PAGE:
How to Kiteboard: The Wind Window

The “Wind Window” is one of the most fundamental concepts of kiting, and is necessary thing to understand before you ever touch a full-sized kite.

The wind window is a collection of “zones” that deliver different levels of power to your kite, based on the relative position of your kite with respect to the wind. In other words, it’s “window” that you can fly the kite in. Outside of this window, when your kite goes further upwind, you end up stalling the kite.

The wind window only exists downwind of your position, as to form a hemisphere shown in the two pictures.

Clocking numbers (9 o’clock, 10 o’clock, etc.) are used to describe the angle at which your kite is flying relative to you. 9 o’clock is down on the ground to your left, 3 o’clock is down on the ground to your right, and 12 o’clock is directly overhead.

As you can see in the image above it is made up of three main zones: the green low-power zone, the yellow medium-power zone, and the red high-power zone. Starting with the kite right above you (12 o’clock position in the green zone), as it angles back straight down wind it will cross into the medium-power zone and finally in the high-power zone as it gets closer to the ground.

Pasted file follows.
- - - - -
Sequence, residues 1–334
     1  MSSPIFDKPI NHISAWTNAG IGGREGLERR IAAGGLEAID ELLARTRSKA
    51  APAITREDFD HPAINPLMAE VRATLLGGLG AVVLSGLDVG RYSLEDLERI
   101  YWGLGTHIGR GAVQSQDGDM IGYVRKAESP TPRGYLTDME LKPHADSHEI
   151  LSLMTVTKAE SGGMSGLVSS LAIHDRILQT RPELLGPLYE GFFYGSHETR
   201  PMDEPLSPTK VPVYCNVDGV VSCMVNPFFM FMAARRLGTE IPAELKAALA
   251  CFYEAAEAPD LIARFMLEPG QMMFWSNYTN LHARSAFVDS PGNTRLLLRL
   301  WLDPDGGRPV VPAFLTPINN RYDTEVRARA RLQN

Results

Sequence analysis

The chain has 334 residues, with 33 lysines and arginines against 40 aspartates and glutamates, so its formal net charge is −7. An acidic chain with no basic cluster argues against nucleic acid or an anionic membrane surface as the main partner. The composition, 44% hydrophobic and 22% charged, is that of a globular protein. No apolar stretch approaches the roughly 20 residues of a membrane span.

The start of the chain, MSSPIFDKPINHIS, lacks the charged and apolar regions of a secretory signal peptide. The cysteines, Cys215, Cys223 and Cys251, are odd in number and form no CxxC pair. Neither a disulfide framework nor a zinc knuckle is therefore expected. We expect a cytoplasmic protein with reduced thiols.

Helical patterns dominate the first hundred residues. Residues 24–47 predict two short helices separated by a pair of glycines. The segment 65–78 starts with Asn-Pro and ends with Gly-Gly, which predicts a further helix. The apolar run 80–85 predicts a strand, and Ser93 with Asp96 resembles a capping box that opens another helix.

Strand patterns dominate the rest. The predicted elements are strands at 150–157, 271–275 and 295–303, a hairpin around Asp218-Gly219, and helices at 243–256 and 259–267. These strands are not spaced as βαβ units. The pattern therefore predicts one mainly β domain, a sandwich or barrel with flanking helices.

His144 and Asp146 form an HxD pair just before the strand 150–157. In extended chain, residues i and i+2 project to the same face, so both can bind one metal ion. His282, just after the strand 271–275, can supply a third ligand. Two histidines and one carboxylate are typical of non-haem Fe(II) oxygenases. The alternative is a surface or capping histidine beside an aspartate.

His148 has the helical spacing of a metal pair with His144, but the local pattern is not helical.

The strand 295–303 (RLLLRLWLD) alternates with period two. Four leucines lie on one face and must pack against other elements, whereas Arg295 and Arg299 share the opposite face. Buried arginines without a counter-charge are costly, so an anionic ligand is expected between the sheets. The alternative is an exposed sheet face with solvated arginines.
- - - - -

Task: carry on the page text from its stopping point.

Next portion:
The Low-Power Zone

The majority of your full-size kite practice should only be done in the green low power zone (“edge” of the window), where your lines are almost perpendicular to the wind. This green lower-power zone is also known as the “edge of the window”. The low-power zone is the “home base” safe, controllable zone you need to stay in if you are not actively riding. Any time you are on dry land, the kite should be in this zone including:

  • Launching your kite
  • Landing your kite
  • Grabbing your board
  • Walking upwind
  • Walking down to the water
  • Talking to someone
  • Practicing flying the kite

You get the idea.

 

The Medium Power Zone

The medium power zone is where you want to be when actively riding. This zone can provide consistent power for cruising and basic maneuvering. Typically for a calm flight you’ll be in the low-power and medium-power ranges.

 

The High Power Zone

Flying into the red high-power zone will give you the strongest pull for a given day as the wind is blowing almost directly on the huge surface area on the bottom of the kite. You’ll typically only want to be in the red high power zone for a moment just to get enough initial power to either launch or perform an advanced maneuver.

Think of it similar to flooring your gas pedal to pass someone on the highway, as you don’t typically drive pedal to the metal for your entire trip. A swooping kite pass that grazes the high-power zone will be plenty to get you up on your board.

 

You’ll be able to feel these different zones on a much more manageable scale with your trainer kite.

Check out this video from Kitesurf College with additional information about the wind window: